For the second week in a row, Jerry Jones took time on his radio show on 105.3 The Fan to reaffirm his unwavering commitment to Wade Phillips--at least, for this season. The comments, detailed by Todd Archer over at the Dallas Morning News Cowboys Blog, smack of a man tired of answering the same question.
"Under no circumstances would I make a change," Jones said. "We've got a chance to get a lot of things done and we've got a lot of football left to play and we've got some good people that not only can play it but coach it."
Jerry stated again the he would not have fired Wade even in the event of a loss to Kansas City, before making a comparison that is becoming increasingly common around Valley Ranch.
"Two years ago the Giants were seemingly not in disarray but they were in trouble," Jones continued. "It was also absolutely expected that something was going to happen with the coach, Coughlin. Maybe during the year but something was going to happen and had to go. And of course [Eli] Manning was on the hot seat and would never be a winner. Well, that same year they won the Super Bowl. You've got to be mindful that this is a long, long journey so to speak."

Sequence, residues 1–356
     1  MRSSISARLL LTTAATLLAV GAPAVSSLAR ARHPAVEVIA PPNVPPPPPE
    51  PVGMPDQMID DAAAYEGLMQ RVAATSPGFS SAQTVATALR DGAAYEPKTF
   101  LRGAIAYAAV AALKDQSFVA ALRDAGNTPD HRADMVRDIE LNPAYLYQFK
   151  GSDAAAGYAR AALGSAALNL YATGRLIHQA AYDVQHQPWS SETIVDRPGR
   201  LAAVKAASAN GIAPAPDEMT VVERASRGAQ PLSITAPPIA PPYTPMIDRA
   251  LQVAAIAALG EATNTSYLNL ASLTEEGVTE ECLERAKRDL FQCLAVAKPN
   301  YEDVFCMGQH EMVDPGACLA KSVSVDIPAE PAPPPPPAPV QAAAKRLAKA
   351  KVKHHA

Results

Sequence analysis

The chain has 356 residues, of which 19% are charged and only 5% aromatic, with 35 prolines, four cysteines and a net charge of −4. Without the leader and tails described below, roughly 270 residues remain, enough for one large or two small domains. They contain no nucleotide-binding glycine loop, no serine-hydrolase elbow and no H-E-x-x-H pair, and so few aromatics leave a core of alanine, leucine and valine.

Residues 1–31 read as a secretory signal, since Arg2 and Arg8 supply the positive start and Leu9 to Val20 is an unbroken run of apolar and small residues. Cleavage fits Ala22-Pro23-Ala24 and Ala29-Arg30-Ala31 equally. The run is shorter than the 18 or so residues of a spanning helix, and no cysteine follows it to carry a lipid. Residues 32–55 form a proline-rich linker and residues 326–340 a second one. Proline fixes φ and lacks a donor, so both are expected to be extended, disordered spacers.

While Jerry's comparison of his team this season to the New York Giants--and certainly his tireless devotion to Phillips--may come as frustrating to some, the comparison has some validity: Coughlin and Manning were, at the time, under a level of scrutiny similar to that facing Phillips and Tony Romo now; and, through five games, the Giants were 3-2.
The only difference (besides the obvious difference in coaching style between Phillips and Coughlin) is that New York was 3-2 after winning three straight. They would go on to win three more on a six-game win-streak--and eight of ten after dropping their first two. The critics of Coughlin (and Manning) were silenced gradually throughout that year, with the death blow coming in the wake of the Super Bowl win.
If Jerry is sick of people asking the question, it's up to Phillips to give them an answer; preferably a playoff win and, in the mean time, a decent winning streak--the latter of which might give fans hope that the former is even possible.